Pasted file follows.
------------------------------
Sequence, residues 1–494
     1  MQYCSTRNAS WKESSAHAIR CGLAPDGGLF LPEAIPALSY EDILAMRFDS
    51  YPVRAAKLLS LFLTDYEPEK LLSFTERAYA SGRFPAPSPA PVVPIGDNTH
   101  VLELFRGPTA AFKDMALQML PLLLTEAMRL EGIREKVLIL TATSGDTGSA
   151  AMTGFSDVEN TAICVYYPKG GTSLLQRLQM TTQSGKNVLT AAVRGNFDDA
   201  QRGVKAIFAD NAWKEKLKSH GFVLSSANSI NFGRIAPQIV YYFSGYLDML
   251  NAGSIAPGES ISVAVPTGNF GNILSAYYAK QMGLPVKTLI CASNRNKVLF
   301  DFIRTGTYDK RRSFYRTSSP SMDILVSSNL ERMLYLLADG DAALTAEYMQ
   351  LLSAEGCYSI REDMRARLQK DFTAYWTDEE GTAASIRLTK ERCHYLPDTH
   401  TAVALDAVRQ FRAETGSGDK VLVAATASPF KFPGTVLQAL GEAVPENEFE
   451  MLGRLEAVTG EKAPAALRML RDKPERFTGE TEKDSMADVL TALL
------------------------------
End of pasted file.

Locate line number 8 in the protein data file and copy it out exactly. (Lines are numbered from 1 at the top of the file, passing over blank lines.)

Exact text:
   301  DFIRTGTYDK RRSFYRTSSP SMDILVSSNL ERMLYLLADG DAALTAEYMQ